- The Washington Times - Thursday, August 7, 2014

The surge of illegal immigrant families and unaccompanied children dropped dramatically in July, and the Obama administration said it’s finally getting a handle on the problem.

More than 10,600 unaccompanied children were apprehended at the border in June, but last month that dropped to 5,508. And the 16,330 adults with children caught in June dropped to 7,410.

Both mark significant turnarounds that put the rate closer to what it was in the late spring — still on target for a record year, but not as much as was once feared.

“We have surged resources and put in place an aggressive campaign to counter the rise of illegal migration into the Rio Grande Valley,” said Homeland Security Secretary Jeh Johnson, in announcing the drop.

He said the department has sped up deportation times for adults, so some are now removed in just four days, by adding in more detention beds, boosting flights back to Central America and deploying more judges to hear cases.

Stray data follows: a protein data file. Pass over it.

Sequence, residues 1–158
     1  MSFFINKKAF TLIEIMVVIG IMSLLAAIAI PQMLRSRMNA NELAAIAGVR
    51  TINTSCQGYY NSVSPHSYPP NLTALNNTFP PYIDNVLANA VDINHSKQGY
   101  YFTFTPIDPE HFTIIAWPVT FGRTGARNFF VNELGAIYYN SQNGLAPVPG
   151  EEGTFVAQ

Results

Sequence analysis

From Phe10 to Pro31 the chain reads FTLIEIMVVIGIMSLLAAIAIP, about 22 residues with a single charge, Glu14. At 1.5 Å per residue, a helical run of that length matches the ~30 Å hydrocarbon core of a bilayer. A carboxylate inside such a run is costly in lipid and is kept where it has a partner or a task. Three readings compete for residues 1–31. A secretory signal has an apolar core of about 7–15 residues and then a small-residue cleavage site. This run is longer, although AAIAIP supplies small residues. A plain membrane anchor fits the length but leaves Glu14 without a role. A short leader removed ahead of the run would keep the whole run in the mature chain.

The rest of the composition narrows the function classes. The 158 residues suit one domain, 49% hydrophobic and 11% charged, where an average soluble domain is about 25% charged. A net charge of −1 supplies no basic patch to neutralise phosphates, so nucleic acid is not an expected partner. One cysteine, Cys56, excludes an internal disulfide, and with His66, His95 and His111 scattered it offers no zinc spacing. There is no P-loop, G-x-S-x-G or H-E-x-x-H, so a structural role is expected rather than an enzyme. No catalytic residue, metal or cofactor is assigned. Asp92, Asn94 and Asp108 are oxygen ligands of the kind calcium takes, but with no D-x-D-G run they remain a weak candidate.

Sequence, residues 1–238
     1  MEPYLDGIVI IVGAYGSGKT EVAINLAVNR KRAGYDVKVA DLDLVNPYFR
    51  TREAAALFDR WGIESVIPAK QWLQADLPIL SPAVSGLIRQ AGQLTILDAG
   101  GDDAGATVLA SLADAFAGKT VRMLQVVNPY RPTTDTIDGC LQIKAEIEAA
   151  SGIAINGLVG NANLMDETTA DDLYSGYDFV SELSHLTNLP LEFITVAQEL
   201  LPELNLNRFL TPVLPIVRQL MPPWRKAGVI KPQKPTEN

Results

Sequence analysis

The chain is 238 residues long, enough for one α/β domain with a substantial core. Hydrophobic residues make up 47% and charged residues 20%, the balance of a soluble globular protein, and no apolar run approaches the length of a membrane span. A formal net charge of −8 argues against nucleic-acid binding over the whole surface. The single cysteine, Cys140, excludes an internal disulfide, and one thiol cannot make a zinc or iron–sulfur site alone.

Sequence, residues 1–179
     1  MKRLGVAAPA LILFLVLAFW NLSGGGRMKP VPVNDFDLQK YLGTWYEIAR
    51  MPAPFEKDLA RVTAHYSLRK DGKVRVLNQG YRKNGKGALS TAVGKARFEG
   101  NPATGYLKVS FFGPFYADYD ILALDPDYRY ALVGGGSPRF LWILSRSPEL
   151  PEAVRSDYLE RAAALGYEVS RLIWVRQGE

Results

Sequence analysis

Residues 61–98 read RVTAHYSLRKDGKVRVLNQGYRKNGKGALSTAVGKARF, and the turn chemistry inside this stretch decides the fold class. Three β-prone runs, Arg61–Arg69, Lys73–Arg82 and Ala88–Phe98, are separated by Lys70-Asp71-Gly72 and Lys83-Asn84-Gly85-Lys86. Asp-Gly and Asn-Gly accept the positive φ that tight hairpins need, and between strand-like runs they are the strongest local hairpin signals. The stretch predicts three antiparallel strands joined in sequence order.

Mr. Johnson also said outreach by President Obama and Vice President Joseph R. Biden may have helped convince Guatemala, Honduras and El Salvador to step up their efforts to stem the flow.

But there are other possible reasons for the drop as well.

In an internal memo earlier this year, a Border Patrol official said the illegal immigrants from Central America had been told they needed to arrive in May or June in order to take advantage of the “permisos,” or free passes, that smugglers were saying were available in the U.S.

Those permisos were apparently the papers given to illegal immigrants telling them they were free to go as long as they eventually appeared for a deportation hearing. Many of the illegal immigrants ignore the papers, disappearing into the shadows with millions of other illegal immigrants.

Some border officials also say the flow is seasonal, and when the hot weather in July and August turns cooler in the fall, the numbers will go up again.

This week the Health and Human Services Department announced it would begin to close down the shelters it set up on three military bases to hold the children, saying the numbers had dropped and the shelters weren’t needed. But HHS also said it reserved the right to reopen the shelters should the numbers increase again.

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